1990 Mitsubishi L200 2.5 diesel-Naturally aspirated from Sri Lanka


A real purpose built workhorse


The exhaust system began to break apart by 100,000 km, primarily due to some weak points in the structure and most probably is a design flaw in these early versions. The problem was solved by a series of welded joints and some re-enforcement.

The fuel tank is seriously misplaced. It is a welcome and open area for that occasional flying rock. As a result I have had to completely rebuild the lower portion over three times (starting at 70,000km and onwards). It is a very expensive and time consuming replacement. The guard provided is only sufficient to keep the mud away!

The hydraulic master pump of the brakes constantly leaks from 80,000 km. The dealer I consulted has not still been able to supply me with the correct sized repair kit. As a result brake fluid leaks under heavy braking. Leaking brake fluid eats its way through the paint on the body as well as the chassis and the entire area has rusted.

The rubber seal between the engine block and the engine cover leaked spilling oil throughout the engine compartment. The seal was replaced.

A seal in the fuel pump gave way and leaked fuel. Was expensive to repair.

The Universal joints started to chatter. Replacement was easy.

General Comments:

This is a very nice utilitarian vehicle built for commercial use (at least these earlier versions!)

This truck does not have any power assisted features such as assisted steering, shutters etc.. (Except for the servo brakes) and has no air conditioning.

This is my only vehicle and I use it as my primary mode of transport. It is certainly not an enjoyable vehicle on the tarmac as it gives a very bumpy ride (as a result of using cross ply tires, they provide me with my requirement of height and heavy load baring ability).

The vehicle feels at home on the dirt track, but loves to dive into (and get stuck) even in the smallest mud pool. (The rear drive wheels do not get enough grip as the rear is so light). A Limited Slip differential (LSD) would have proved itself worthy (it was only available with the 4WD version)

The 4D56 (naturally aspirated) engine is a lovely power house and has given no trouble at all, so far. It provides sufficient power (marginal) and is reasonably economical. The engine bay has ample room and is very easy to find and replace parts.

Cornering is a big problem at speeds above 50kmph as it becomes very unstable, quite understandable as the weight distribution is at two extremes (the heavy front and the lighter rear). Cornering is further complicated with heavy body-roll which cannot be expected to be so harsh, as the vehicle is equipped with an anti-roll bar and stabilizer bars.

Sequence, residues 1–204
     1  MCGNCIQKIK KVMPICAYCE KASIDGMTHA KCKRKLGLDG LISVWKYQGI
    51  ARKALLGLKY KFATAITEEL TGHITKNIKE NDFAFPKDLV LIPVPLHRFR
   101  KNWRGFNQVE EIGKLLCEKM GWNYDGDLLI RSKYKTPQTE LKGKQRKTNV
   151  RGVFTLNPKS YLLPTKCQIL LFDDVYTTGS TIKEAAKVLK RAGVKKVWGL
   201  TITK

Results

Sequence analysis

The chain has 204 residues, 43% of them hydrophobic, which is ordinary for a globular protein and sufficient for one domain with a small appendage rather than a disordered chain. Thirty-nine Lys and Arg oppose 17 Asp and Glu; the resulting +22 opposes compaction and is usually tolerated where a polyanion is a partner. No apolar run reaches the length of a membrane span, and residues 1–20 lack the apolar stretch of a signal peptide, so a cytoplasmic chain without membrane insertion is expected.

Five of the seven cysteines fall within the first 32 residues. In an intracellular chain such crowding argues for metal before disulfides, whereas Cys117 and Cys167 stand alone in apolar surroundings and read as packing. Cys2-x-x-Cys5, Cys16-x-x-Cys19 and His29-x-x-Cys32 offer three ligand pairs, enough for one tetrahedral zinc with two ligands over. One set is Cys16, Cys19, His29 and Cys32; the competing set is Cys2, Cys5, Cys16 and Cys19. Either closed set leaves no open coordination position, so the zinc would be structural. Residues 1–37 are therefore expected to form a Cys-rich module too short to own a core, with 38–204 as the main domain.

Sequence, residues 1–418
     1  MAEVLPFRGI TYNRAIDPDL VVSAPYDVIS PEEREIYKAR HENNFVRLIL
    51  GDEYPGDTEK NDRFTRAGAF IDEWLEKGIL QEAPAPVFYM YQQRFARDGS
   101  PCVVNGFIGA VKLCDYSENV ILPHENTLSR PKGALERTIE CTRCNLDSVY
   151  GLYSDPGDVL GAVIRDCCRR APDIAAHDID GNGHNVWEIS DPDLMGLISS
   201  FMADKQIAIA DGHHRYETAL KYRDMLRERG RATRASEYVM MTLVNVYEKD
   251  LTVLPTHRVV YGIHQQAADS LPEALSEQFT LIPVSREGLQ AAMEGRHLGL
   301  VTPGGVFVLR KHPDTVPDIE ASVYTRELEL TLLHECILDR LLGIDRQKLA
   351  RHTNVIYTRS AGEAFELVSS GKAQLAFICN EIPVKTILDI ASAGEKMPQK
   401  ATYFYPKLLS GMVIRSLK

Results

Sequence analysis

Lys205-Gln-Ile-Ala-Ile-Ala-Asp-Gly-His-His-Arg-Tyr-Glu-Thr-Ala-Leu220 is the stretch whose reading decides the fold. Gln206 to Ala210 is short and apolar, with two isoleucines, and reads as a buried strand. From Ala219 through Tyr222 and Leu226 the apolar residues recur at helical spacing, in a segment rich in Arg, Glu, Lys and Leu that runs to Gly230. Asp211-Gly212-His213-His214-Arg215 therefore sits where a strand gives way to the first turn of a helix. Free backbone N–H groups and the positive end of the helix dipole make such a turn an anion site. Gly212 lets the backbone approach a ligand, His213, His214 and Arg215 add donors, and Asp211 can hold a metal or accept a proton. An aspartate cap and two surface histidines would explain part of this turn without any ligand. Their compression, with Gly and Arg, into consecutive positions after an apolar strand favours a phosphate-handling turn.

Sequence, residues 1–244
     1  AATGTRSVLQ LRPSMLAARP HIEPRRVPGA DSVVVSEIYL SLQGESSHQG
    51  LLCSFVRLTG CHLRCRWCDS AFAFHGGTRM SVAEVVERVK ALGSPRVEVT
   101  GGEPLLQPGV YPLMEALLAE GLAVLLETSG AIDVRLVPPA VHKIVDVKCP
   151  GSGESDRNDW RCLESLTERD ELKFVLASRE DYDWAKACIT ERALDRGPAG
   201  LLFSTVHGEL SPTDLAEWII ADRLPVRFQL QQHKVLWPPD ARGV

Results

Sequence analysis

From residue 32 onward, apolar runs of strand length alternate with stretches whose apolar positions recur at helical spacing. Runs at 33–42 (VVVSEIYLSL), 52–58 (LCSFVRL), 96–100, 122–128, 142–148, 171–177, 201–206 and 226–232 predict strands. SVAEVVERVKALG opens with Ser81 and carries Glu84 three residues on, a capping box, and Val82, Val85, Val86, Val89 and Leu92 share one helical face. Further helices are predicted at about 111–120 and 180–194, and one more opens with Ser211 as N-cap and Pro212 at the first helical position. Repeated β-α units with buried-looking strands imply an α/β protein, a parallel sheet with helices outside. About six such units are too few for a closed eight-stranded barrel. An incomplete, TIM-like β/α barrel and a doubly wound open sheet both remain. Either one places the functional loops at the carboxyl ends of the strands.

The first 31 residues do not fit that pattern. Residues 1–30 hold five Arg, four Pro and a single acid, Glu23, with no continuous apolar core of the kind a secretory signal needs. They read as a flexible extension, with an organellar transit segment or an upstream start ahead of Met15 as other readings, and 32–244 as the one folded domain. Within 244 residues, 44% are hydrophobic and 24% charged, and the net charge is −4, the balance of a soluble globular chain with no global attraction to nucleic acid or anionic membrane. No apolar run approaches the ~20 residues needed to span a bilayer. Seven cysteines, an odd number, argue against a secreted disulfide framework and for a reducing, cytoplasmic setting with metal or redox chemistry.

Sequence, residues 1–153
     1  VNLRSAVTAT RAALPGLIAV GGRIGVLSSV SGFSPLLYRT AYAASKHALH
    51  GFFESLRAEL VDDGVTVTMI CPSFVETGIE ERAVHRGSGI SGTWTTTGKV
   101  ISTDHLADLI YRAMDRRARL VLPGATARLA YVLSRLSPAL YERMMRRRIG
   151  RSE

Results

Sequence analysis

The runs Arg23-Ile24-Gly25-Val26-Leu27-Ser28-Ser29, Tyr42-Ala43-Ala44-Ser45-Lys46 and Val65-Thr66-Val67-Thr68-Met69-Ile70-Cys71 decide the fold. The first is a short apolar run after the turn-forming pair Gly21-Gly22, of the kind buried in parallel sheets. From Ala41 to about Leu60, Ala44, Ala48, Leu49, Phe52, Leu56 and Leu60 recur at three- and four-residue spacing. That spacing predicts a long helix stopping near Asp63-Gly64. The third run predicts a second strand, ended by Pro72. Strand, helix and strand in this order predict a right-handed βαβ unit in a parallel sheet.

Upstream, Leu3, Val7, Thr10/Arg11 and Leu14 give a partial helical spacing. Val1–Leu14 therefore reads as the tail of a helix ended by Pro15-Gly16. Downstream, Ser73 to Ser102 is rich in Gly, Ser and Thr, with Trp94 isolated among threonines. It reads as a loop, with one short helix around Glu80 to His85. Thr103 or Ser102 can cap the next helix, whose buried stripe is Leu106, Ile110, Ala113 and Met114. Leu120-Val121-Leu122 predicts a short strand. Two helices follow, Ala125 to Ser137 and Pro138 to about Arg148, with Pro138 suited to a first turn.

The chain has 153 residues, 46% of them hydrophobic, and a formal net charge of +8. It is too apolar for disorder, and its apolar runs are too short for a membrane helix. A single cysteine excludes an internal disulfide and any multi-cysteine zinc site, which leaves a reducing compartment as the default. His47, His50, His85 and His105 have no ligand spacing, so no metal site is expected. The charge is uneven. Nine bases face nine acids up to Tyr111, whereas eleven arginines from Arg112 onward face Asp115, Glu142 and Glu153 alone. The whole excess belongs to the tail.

I have only managed 120kmph so far. But even that required whipping the engine to squeeze out enough power. But normal cruising is effortless.

The Gear box is quite user friendly and the gear ratios have been placed well.

Managed to get beautiful chrome bumpers on both front and rear. They are the pride of the car and are very very hard. I unfortunately had to find out that the hard way.

Moving inside, the interior is almost completely made of plastics and synthetic material that resemble leather, all purpose built to make the interior easier to clean. Even the seats are washable.

The front seat is a single unit bench, without the ability to recline the unit. All seats lack lumber support and all aboard, including driver are tossed around when cornering. The interior (and even the exterior for that matter) has held quite well so far even after being battered by the elements 24/7.

All in all this is a very practical, economical and efficient vehicle with ample luggage space for that holiday trip to the hillside. It is no wonder that it later evolved into a family favourite for holidaying.

Would you buy another car from this manufacturer? Yes

Review Date: 20th June, 2005

3rd Aug 2007, 03:06

Further on from my review, I've clocked 178,000 km. As usual the exhaust pipe gives trouble and is in need of complete replacement. The upper arm of the front double wish bone broke in half (while on the move) and replacement was expensive ($100.00). Luckily I was moving around 30kmph and was lucky enough not to have further damage to the vehicle or myself.

Brake pads replaced for the first time. Signs of ageing is evident on the bodywork and chassis. Engine is still OK, but noisy and doesn't love mother nature.

Considering moving over to a new vehicle such as the Mazda BT50. If anyone knows about the BT50, kindly drop in a comment. Reasons for not considering a new L200 is because of poor service by the agent and not being value for money.

BT50 offers 2.5L Turbo with increased power output, whereas the new L200 offers the naturally aspirated 2.5L 4D56 without any modifications and at a higher price.